# Checking weather any positive number is zero or not

• Lslander
In summary, the conversation is about trying to find a linear function f such that f(0)=0 and f(x)=1 for any positive integer x. The first proposed function, (2*x+1)/2 - (2*x-1)/2, was shown to not work. The second proposed function, ((2*x+3) % 2*(x-1)+3)/2, was also deemed to not fulfill the requirements because it is not linear. It was then suggested that a continuous function does not exist for this situation due to the IVT. However, it is possible to construct a function for integers, such as f(n) = [n/(n+1)], where [] represents the ceiling function.
Lslander
I would like to have a function f such that f(0) = 0 and f(x) = 1 for any x>0. I can compute f in the following way:

f(x) = (2*x+1)/2 - (2*x-1)/2 . Here the division is integer division. But if x=0, here we divide (2*0-1)/2 or -1/2, which is a problem. Because we do not have any number -1 here.

We can also compute f(x) as follows
f(x) = ((2*x+3) % 2*(x-1)+3)/2 . Here % is remainder. This is also a problem because we are doing something like x%y which is nonlinear. To be clear x%2 is allowed, but x%y is not allowed.

So, can anyone help me constructing such a function which is linear and over positive integer and all operation will be integer operation? Or can anyone tell me that it is not possible to construct f with such restriction?

I really appreciate any help.
NB: f simply checks weather any positive number is zero or not and return 0 if 0 ;else return -1.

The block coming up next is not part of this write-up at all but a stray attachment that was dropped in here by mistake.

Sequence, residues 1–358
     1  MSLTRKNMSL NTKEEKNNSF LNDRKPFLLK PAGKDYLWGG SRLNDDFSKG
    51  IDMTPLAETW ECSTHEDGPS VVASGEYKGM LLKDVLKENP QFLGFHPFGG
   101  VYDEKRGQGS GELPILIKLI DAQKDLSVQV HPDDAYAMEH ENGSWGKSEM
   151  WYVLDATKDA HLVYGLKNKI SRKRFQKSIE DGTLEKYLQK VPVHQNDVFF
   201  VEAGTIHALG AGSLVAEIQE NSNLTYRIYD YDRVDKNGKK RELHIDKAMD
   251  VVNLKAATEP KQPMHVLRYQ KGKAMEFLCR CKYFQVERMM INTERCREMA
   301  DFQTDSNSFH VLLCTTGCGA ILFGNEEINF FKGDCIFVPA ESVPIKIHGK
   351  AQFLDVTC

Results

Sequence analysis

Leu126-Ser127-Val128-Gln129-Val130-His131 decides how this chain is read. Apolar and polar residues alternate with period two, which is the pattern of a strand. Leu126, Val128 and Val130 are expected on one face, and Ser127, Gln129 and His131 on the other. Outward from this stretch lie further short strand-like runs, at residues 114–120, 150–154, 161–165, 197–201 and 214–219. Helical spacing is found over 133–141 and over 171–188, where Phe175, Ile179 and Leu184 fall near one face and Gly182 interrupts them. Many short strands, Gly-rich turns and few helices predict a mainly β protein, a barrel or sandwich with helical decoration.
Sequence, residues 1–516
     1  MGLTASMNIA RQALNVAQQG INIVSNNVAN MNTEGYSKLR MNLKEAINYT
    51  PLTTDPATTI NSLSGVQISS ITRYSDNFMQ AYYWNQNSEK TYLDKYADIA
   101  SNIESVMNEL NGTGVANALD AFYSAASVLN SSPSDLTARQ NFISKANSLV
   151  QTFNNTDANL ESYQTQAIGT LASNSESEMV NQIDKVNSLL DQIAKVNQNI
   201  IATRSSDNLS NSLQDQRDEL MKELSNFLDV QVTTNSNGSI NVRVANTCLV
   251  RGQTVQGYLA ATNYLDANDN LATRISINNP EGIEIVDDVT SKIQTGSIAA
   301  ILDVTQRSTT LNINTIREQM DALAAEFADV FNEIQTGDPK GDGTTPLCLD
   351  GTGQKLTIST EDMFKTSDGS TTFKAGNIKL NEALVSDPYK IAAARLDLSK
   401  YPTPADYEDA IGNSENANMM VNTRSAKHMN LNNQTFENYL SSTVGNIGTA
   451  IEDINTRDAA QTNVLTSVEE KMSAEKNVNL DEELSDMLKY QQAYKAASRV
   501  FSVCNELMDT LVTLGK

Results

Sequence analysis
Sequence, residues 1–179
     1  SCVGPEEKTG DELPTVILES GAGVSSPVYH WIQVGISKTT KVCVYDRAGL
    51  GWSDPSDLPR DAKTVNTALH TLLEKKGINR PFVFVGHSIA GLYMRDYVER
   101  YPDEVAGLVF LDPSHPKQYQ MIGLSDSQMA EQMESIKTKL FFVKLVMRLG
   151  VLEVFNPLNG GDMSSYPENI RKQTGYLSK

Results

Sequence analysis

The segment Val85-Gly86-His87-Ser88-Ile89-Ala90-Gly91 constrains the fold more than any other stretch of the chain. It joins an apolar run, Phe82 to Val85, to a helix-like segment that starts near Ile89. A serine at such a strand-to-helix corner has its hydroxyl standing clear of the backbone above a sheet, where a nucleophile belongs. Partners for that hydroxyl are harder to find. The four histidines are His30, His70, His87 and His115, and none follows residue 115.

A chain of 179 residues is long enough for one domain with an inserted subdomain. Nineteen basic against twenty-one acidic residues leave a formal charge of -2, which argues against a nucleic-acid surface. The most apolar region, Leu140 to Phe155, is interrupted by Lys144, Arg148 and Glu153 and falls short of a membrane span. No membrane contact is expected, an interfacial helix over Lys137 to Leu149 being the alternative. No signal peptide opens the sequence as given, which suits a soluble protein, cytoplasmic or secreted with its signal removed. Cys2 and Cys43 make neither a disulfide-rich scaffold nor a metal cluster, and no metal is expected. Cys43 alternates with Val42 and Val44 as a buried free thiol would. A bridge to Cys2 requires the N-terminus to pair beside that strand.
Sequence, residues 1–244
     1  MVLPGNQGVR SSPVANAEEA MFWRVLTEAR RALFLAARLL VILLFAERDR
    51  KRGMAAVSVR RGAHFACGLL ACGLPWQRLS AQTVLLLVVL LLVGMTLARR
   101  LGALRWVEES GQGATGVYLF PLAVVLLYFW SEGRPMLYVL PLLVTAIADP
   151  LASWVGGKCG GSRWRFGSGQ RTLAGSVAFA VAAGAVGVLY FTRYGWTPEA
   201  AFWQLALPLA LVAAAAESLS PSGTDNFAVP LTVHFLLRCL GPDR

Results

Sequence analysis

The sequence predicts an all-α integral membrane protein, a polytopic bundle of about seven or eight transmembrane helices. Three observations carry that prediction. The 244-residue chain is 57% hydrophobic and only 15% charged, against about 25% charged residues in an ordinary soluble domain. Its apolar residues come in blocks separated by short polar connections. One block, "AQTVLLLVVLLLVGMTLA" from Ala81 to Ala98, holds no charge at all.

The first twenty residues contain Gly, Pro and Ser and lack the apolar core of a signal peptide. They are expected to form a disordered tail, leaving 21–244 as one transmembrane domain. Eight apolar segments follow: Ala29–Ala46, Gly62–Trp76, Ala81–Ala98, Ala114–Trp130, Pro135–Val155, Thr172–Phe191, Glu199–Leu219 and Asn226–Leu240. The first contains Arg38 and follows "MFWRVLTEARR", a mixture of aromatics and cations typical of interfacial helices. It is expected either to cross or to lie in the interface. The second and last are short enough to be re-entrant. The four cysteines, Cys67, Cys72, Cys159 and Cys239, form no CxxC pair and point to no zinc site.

Thanks a lot...

"So, can anyone help me constructing such a function which is linear"

The function you are describing is non-linear by definition. So no, there is no linear function that can give the output:

f(0) = 0 and f(x) = 1 for any x>0

There is a piecewise linear function:

f(x) = { 0 if x=0
1 otherwise

But someone who knows math better than me may demonstrate this wrong...

Lslander said:
I would like to have a function f such that f(0) = 0 and f(x) = 1 for any x>0. I can compute f in the following way:

For all integers greater than 0 or for all real numbers greater than 0?

If you want it for all real numbers greater than 0, you could use the piecewise function the previous poster suggested. If you weren't looking for a piecewise function, a continuous function does not exist. By the IVT, it's impossible to have a continuous function with this property.

With integers, it's possible.

Lslander said:
f(x) = (2*x+1)/2 - (2*x-1)/2 . Here the division is integer division. But if x=0, here we divide (2*0-1)/2 or -1/2, which is a problem. Because we do not have any number -1 here.

This example doesn't work. f(x) = (2*x+1)/2 - (2*x-1)/2 = x + (1/2) - x - (1/2) = 0, so really, this just says that f(x) = 0.

Lslander said:
We can also compute f(x) as follows
f(x) = ((2*x+3) % 2*(x-1)+3)/2 . Here % is remainder. This is also a problem because we are doing something like x%y which is nonlinear. To be clear x%2 is allowed, but x%y is not allowed.

I'm not sure what your definition of remainder is here.

Lslander said:
So, can anyone help me constructing such a function which is linear and over positive integer and all operation will be integer operation? Or can anyone tell me that it is not possible to construct f with such restriction?

Why not f(n) = [n/(n+1)], where [] is the ceiling function?

gb7nash said: